Luckily, it was another beautiful day. I had no idea of what to do, but at least it wasn't raining. Anna had made three large collages of pictures of Thomas set up on tripods in the entrance of the church. The visitors' book was set up there as well, and the uniform jacket with medals and insignia was folded and set out on a table. Thomas's casket was in the front of the church, set up in front of the altar. It was open, not because we'd really asked for that but because we hadn't actually said anything about it all. Thomas was dressed in the civilian suit donated by a friend--he had outgrown the suit he bought before he entered the Army. The flag was folded and in the casket with him. Captain J. M., our casualty assistance officer, an ever-quiet presence, was there. Richard and I walked to the casket, and then turned and stood waiting for visitors.

There are several hundred signatures in the book. The first person through the door was actually a woman who had gone to college with me, D. I had not seen her in probably 15 years and did not realize that she was still in the area but she came and told me she would be at the funeral the next day, gave me a hug I think, regarded Thomas and turned to leave. She got as far as the door and came back to give me the pin she was wearing, an icon of the Blessed Mother. She is holding seven arrows, pulled from the bodies of wounded warriors is the story I think D. told me. Taking care of our sons. I keep it next to my bed now, but I wore it for the rest of that day, a promise of peace.

As the day and the evening went on, more and more people came and we were astounded by the number of those who cared. Some we knew well, some we worked with, some were friends or parishioners, or just people who had seen the notice in the paper and wanted to thank us for our son's service. The American Legion post sent representatives. The Governor of Maryland sent a representative with a state flag for us. Several congressmen and a senator made their way over from Capitol Hill, as friends and professional acquaintances of my husband's. PTA people came, and the counselors from Thomas's old middle school. Several Montgomery County police officers came, people who had worked with Maria the previous school year while she interned at their station. Thomas's friends came, most of them having had to come home from college to do so.

Through all of this, both sessions, my sister and her husband, and my cousin and her husband, sat in the pews quietly talking, watching everyone, just being support. Anna and her friends had stayed near the entrance of the church, Maria had to go home at some point because she was running a fever of 102, and Matthew came only for the first session I think, then stayed with his best friend, the other Matthew.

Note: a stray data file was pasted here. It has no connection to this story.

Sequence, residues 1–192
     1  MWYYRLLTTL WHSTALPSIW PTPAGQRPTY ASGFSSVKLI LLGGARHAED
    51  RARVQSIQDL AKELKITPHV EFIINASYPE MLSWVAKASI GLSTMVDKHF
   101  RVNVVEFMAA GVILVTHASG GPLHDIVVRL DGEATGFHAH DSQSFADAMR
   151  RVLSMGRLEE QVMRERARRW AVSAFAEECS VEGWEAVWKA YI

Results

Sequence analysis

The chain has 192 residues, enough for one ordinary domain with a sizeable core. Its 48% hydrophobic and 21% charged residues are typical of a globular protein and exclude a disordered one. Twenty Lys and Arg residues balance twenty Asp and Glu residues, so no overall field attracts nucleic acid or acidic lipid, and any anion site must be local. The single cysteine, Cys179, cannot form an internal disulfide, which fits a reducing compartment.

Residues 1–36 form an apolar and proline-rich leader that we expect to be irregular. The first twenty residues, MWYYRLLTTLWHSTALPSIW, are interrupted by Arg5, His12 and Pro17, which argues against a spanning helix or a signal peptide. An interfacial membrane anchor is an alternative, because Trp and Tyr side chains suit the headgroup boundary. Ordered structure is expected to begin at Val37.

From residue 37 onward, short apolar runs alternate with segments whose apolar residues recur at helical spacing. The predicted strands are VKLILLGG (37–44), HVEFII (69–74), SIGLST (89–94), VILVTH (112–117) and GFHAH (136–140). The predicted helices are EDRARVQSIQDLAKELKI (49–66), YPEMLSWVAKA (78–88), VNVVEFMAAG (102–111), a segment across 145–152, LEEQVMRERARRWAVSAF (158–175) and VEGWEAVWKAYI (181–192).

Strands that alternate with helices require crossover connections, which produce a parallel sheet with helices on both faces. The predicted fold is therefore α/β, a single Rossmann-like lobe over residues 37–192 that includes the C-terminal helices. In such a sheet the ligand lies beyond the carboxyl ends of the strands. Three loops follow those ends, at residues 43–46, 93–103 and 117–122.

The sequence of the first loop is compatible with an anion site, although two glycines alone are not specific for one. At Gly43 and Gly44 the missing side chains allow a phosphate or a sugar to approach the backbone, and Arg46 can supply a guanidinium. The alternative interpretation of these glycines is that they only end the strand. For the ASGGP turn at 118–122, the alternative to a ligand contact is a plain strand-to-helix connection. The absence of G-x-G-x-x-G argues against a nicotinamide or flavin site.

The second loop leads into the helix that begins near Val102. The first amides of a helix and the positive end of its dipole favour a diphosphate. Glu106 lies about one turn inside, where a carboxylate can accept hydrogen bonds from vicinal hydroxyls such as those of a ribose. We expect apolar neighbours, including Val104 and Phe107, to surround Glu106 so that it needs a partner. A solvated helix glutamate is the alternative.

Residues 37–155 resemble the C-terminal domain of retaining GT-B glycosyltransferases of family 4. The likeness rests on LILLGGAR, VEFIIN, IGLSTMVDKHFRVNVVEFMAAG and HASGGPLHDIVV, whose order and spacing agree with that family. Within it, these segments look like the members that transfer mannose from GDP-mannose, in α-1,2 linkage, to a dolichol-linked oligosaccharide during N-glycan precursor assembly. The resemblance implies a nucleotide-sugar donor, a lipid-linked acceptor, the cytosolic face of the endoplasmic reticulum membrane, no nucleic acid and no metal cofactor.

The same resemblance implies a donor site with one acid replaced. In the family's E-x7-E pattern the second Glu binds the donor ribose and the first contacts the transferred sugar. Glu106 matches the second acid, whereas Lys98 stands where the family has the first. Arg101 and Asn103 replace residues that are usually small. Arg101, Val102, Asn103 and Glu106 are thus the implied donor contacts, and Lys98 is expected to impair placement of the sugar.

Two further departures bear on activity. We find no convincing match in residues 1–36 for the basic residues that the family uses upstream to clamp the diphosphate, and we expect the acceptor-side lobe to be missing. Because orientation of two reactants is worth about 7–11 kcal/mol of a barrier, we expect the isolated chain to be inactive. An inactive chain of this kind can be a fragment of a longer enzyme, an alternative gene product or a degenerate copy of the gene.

At the end of the evening, our pastor arrived to do a short service before we closed the casket. Everyone had come back as I recall (and exhaustion and grief make this hard to be sure of). We prayed and then everyone left us for a few minutes to say goodbye. I looked at my son's body and touched his hands--they were dry and showed signs of peeling a bit. He always had dry hands. But this was just his shell and I did not want to stay any long longer. We said goodbye and they closed the lid. Erik took him back to the sacristy and we went home.

Monday, November 06, 2006

The new shoes seem to be working out all right. My friend Debbie swears that running saved my life after Thomas died (I had already suvived a life-threatening illness earlier in the year because I was in such good shape for my age). My heart was broken, but not destroyed by his loss.

And finally we arrive at the Thursday morning, one week after Thomas was killed. The funeral home had gotten his body some time on Tuesday but our director Eric had Wednesday off (I could hardly blame him for wanting time to decompress from what must be a very difficult job) so it was Thursday before we saw the body. We asked our friends Pat and Harry to drive us to the funeral home, while we sent my relatives off to tour a bit of Washington DC with our neighbor. The rest of the day was going to be hard for all of us and I was happy to think they were getting a chance to take a deep breath first. Pat and Harry had known Thomas since he was a bump, and both had dealt with many deaths in their own families, so it seemed reasonable to ask them to do this with us.

It's funny, my heart is pounding as I write this, almost two years later.

So, at something like nine or ten in the morning, we presented ourselves at Collins Funeral Home. They directed us upstairs to a room where Thomas's body was laid out in the casket provided by the Army. Eric had assured us that the body was viewable so I was not surprised to find the casket open. It just did not look like Thomas, and yet it did. So much of what distinguished him was the spirit inhabiting that body. I think he was still in uniform, as he would have been sent from Dover. His face was a bit darker than usual but of course he'd spent the previous four weeks in the desert. I saw no evidence of his wound, nor did I ever try to find it. We settled a few more details about changing his clothes to civilian attire as he had told us he wanted, and about moving his body to St. John's for the wake, and then we left. I don't think we'll ever be able to thank Pat and Harry for what they did for us that day.